A childhood in Tongwynlais in the 1930s and 40s

My father Franklyn Brookman was born in 1926 and lived at 14 Railway Terrace, growing up in an era before the war when the Tongwynlais population was one thousand five hundred, unemployment was in the region of 60% and there were more chapels and churches (six) than there were car owners (four).

Home which he shared with parents Jack (John) and Minnie and older brother Oliver was a former lock keeper’s cottage. The Glamorganshire Canal at the bottom of the garden was still working at that time and he recalled that children would call out to the bargemen ‘what do you give your horse – Horlicks?’ as the lean beasts strained to pull their cargo. When clear, they swam in the canal and a short distance from the village school was a lock. Apparently, this enabled the brave (or foolhardy) to accumulate prestige amongst their peers by jumping the approximate nine feet span over the drop.

In his first year at the village primary, dad entered the scholarship, was lucky enough to pass and in time went to Caerphilly Grammar where he excelled at sport, representing the school at rugby and athletics. The journey to Caerphilly he recalled was via two antiquated Dennis buses, one for the girls and one for the boys. The two main drivers were ‘Bill the Fireman’ and ‘Offered Dum’, the latter so called because when talking about darts would say ‘we offered’um a one leg start’.

These elderly worthies, recruited because the younger men had gone to war, were full of spirit and if in close proximity to each other could be induced by the passengers to make the trip a race. Added excitement was provided by a level crossing, which when taken at speed would shoot everyone into the air.

My father’s best friend was Frank (Nipper) Light. They would lug an old brass telescope up to an eyrie on Y Craig and look out at the shipping in the Bristol Channel. Their favourite spare time occupation however was poaching for rabbits. A number of dogs in the village used to lay about on street corners and dad told how they would set off with up to ten dogs.

The star was a dog called Monty who belonged to a local farm. Dad recalled how this dog could locate the boys wherever they were in some 36 square miles of wood and pasture and would come crashing through the bushes to greet them. Whilst in true poacher style they had acquired a shotgun, it was seldom used and their bag was secured with ferrets and nets.

At the advent of war, the boys joined the village Home Guard platoon which he remembered contained many venerable gentlemen. Based on their encyclopaedic knowledge of the local landscape, the boys were appointed guides to the platoon, a position which mostly enabled them to get back to the HQ first after a night deployment and sit in front of the roaring fire.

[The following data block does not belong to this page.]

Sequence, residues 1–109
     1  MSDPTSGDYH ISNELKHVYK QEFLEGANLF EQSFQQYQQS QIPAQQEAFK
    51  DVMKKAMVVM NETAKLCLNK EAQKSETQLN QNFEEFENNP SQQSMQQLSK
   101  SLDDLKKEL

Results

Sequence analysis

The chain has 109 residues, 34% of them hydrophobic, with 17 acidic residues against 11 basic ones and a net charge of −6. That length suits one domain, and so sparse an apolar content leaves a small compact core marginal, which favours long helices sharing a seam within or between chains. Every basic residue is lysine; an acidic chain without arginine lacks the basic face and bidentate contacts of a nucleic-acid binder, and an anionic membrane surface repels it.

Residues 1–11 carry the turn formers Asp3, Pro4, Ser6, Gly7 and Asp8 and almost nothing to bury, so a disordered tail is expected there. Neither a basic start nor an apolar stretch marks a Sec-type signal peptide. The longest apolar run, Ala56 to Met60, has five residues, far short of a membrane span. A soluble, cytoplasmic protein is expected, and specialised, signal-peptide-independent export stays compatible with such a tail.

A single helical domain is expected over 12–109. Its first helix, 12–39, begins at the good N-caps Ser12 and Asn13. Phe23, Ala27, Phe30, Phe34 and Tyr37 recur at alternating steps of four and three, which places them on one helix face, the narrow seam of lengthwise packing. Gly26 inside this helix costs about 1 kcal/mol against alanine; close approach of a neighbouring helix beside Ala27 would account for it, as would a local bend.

He remembered that one time a spigot mortar appeared in the guardroom to supplement their Lee Enfield rifles. Apparently, this equipment had a mind of its own and was usually sufficiently off target to make the operators cower for protection in a slit trench. Dad often thought that ‘Village Home Guard wiped out by friendly fire’ might well have made an unfortunate headline in the local press.

In early 1944, at the age of 17, dad volunteered for aircrew, but failed the eye test and then to his dismay on turning 18 was balloted and assigned to be a Bevin Boy down the pit. His appeal was turned down and dire consequences threatened – a situation made even worse by the fact that his friend Nipper had become a Marine Commando (112456 Marine F. B. Light) – so he reluctantly had no choice but to report to Penallta Colliery.

His time mining is the subject of another piece, but suffice to say his three years under the tutelage of one Harry Partridge working an often unstable ten foot seam with the coal pulled out by a horse called Quint, were formative years that he never forgot.

In spite of the poverty of the time, he looked back on his young years in the Ton as being an idyllic youth, and one which was rich in many respects. Good disciplined homes, excellent community relationships based on the chapel and what he came to appreciate as a headmaster in later life, a superb tripartite educational provision including plenty of technical and grammar school places.

Franklyn died in Norwich, Norfolk in 2006 and is survived by his wife Maureen and sons Gareth and Owen.


Article written by Frank’s son Gareth Brookman.


If you would like to write an article about a Tongwynlais resident please get in touch we would love to hear their story.  Thank you Gareth for sending us this wonderful article about your father.